This is a database summarising research into Dr.Edward de Bono's ideas and techniques.
If you are aware of other references then please contact us providing details.
Dr. de Bono once wrote that "Proof is a lack of imagination".
The purpose of sharing this academic research is not to prove that his techniques work but to show that his ideas are being tested and investigated by others.
Adaptation of Foreign Students to the Foreign Culture Learning
Environment Using the Six Thinking Hats Method
Stanislavovna & Leopoldovna (2015) The method assists foreign students in being involved in the university learning environment enabling them to use the most of interpersonal activity potential and basic motivation to perceive a foreign culture in the shortest possible time and with minimum losses.
Belski and the Random Word
Belski et. al. (2014) conducted an experiment which compared idea generation for a test group who were shown Random Words versus a control group who were not. The Random Word group on average generated a greater number of ideas than the control group, and the difference was statistically significant.
Belski et. al. (2015) repeated the experiment and showed that Random Word was more effective than the control situation wtih students in Finland, Russia, Czech Republic and Germany.
Belski et. al. (2019) repeated the 2014 experiment with Italian students. Those students in the Random Word Test group generated statistically significantly more ideas then their counterparts from the Control group.
Coordinating role of six-hat thinking technique in design team
during idea-generation phase of service design
Hu * et al. (2021) The first study, which is based on the “six thinking hats” model, codes the six hats, conducts naturalistic observation of eight expert designers in an interference-free environment, and analyzes their thinking through protocol analysis. The results indicate a certain degree of correlation between six-hat thinking that spontaneously mobilized by expert designers and designing activity in the idea-generation phase. The expert designers form thinking-hat sets during their team conversation that in a way coordinate the pace of design. A second study is conducted to further analyze the thinking-hat set’s coordinating role, and the results show that the effect of six-hat thinking is related with the timing of its engagement. It has a focusing and guiding effect when adopted in the early stage of design, and an effect on the updating, screening and iterating of the design plan when adopted in the middle stage of design. The conclusions of this study can be applied in service design education as it enriches the applications of six-hat thinking technique and can introduce it to the classroom in a more efficient and targeted manner in future design education, offering a new way to improve the students’ designing creativity.
Göçmen, Coşkun and the Six Thinking Hats
Göçmen, O., Coşkun H., 2019 "The effects of the six thinking hats and speed on creativity in brainstorming".
This paper reports on two experiments using thinking hats. In one experiment the green hat enhanced the generation of more unique ideas than the yellow hat and red one. The speed instruction appeared to further enhance the number of unique and flexible ideas of participants with the highest number of unique ideas being generated by participants using the green hat.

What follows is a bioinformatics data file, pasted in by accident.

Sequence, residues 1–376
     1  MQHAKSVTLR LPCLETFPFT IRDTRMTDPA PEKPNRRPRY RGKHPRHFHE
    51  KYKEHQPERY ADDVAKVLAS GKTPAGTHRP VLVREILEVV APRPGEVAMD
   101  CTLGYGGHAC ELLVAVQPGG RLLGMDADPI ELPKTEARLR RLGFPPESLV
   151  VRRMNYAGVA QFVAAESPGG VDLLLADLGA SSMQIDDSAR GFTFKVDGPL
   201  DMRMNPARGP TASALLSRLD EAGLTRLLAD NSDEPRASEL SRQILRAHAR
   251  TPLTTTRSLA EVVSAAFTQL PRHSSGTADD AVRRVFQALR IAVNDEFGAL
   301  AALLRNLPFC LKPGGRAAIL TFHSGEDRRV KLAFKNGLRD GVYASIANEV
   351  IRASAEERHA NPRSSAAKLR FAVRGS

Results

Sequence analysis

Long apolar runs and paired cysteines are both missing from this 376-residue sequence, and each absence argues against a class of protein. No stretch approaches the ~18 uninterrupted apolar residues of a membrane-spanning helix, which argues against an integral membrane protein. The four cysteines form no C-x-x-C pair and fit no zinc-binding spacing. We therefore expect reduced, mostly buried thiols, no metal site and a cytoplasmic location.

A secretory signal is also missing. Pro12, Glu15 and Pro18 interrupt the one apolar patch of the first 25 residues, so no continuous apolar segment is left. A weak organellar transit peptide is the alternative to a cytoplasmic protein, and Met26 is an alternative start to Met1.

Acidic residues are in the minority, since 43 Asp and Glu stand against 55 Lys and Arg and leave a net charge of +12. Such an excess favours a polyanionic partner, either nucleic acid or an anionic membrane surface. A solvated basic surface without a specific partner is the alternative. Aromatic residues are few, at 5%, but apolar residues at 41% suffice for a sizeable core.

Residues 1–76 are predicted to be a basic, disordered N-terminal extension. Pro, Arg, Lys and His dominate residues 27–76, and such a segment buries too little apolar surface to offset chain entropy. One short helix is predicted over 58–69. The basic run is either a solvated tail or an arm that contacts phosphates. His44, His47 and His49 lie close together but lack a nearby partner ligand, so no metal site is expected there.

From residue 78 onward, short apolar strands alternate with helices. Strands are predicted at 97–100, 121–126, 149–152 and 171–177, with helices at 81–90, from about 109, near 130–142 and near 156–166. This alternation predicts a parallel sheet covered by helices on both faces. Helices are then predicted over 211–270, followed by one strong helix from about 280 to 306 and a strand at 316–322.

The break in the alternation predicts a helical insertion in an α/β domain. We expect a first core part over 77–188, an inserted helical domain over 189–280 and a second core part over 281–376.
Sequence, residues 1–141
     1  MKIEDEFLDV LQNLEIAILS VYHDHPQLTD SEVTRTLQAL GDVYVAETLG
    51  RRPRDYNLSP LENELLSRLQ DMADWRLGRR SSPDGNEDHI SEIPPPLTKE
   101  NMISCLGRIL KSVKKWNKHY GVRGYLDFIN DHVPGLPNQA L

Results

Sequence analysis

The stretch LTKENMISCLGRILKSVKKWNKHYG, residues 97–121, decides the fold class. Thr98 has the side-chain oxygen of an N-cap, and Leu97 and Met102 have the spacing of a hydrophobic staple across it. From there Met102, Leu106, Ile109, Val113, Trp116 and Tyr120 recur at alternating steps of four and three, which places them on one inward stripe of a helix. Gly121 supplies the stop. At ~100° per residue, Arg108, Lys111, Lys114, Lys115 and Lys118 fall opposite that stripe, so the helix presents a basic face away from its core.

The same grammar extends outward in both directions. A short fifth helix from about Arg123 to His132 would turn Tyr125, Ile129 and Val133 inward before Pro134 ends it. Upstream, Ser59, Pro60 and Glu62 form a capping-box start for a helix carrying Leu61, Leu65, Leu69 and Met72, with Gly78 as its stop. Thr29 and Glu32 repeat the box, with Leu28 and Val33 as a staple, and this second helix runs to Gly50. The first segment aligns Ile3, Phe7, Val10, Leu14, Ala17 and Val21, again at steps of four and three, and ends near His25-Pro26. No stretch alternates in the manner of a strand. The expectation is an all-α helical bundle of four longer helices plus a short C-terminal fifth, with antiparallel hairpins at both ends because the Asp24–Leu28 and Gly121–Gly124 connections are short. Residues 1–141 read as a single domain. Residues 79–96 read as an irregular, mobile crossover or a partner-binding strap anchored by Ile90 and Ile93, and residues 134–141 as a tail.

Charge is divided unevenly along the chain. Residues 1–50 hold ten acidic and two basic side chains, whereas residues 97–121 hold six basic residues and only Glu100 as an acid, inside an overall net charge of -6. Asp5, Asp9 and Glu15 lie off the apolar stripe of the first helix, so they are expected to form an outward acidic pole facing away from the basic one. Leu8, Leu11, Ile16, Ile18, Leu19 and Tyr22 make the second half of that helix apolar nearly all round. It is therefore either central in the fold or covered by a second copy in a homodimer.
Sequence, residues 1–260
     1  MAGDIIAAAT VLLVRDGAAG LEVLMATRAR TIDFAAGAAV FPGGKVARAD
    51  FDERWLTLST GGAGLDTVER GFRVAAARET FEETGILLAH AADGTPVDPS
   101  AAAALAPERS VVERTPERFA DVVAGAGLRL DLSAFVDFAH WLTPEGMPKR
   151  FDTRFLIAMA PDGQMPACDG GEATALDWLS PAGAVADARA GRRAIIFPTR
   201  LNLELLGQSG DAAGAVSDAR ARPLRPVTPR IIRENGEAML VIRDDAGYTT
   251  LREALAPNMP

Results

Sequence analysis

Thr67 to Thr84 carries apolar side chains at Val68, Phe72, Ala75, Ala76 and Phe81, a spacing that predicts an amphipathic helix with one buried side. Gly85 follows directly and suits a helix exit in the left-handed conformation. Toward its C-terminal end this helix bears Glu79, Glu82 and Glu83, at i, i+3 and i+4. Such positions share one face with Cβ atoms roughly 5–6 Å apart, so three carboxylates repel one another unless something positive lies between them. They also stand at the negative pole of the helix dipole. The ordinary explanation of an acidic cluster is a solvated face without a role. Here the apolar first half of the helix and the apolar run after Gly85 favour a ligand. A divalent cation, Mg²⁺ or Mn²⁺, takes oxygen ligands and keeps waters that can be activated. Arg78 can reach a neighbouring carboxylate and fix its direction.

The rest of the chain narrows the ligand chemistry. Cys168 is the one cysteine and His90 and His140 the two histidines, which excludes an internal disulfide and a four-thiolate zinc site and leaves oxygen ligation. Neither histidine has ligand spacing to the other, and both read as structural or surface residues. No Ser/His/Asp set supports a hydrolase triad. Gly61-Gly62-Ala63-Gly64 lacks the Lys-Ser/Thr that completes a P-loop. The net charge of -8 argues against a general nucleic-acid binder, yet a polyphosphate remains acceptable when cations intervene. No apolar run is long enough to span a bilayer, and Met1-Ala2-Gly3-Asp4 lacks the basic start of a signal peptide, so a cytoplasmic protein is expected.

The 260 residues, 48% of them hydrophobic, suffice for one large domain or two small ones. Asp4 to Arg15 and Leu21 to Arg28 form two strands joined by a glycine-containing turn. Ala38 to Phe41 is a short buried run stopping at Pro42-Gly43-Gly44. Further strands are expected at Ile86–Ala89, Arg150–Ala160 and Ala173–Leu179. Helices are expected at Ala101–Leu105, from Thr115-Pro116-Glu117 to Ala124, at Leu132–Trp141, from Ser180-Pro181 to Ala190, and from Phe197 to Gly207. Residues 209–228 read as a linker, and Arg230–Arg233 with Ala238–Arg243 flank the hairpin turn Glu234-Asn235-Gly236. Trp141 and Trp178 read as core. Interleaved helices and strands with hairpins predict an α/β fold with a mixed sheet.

The Effect of Six Thinking Hats on Student Success in
Teaching Subjects Related to Sustainable Development
in Geography Classes
Kaya (2013) This study aimed to assess the effectiveness of six thinking hats technique in teaching subjects related to sustainable development in geography classes. The study was in both a quantitative and qualitative form. The quantitative part of the study was designed according to pre-test, post-test control group research model, and in the qualitative part, answers given by students to interview questions were analyzed according to descriptive analysis method. The population of the study consisted of 650 students studying in Gaziantep Araban High School and the sample consisted of 36 students studying at 11th grade in the same school. The results of the study revealed that teaching techniques based on six thinking hats resulted in more positive results compared to other teaching techniques proposed in the curriculum.
Thinking hats and good men: Structured techniques in a
problem construction task.
David Vernon∗, Ian Hocking (2014) - Results showed that both six hats and six men techniques produced greater fluency relative to controls, with a more robust effect for those using the six men. In terms of originality, both techniques proved beneficial relative to controls, with a more robust effect from those using the six hats.
Tidona and CoRT in Sicily
Tidona, G. (2001, 2002) reports on research in a school in Ragusa, Sicily making use of the de Bono CoRT Programme to assess the effects of teaching Thinking Skills to young people. The report describes the process which was used over one school year with 14-year old children and the effects on the experimental group and the control group. Pre- and post-tests were used. The experimental group showed a significant increase in the skills which were assessed by the assigned tests, while the performance of the control group did not improve, even worsened in some respects. The experiment was repeated in 2002 with similar results.